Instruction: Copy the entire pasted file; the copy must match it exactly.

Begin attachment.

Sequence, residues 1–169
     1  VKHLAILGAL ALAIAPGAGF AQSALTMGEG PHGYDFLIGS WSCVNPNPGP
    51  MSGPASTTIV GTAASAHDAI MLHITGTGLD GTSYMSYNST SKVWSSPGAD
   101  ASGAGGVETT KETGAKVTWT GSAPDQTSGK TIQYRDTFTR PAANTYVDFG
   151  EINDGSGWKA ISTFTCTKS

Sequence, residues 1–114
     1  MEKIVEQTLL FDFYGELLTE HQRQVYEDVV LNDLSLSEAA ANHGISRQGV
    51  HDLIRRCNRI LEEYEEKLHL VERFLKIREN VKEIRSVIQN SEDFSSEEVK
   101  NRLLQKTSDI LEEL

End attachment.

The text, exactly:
Sequence, residues 1–169
     1  VKHLAILGAL ALAIAPGAGF AQSALTMGEG PHGYDFLIGS WSCVNPNPGP
    51  MSGPASTTIV GTAASAHDAI MLHITGTGLD GTSYMSYNST SKVWSSPGAD
   101  ASGAGGVETT KETGAKVTWT GSAPDQTSGK TIQYRDTFTR PAANTYVDFG
   151  EINDGSGWKA ISTFTCTKS

Sequence, residues 1–114
     1  MEKIVEQTLL FDFYGELLTE HQRQVYEDVV LNDLSLSEAA ANHGISRQGV
    51  HDLIRRCNRI LEEYEEKLHL VERFLKIREN VKEIRSVIQN SEDFSSEEVK
   101  NRLLQKTSDI LEEL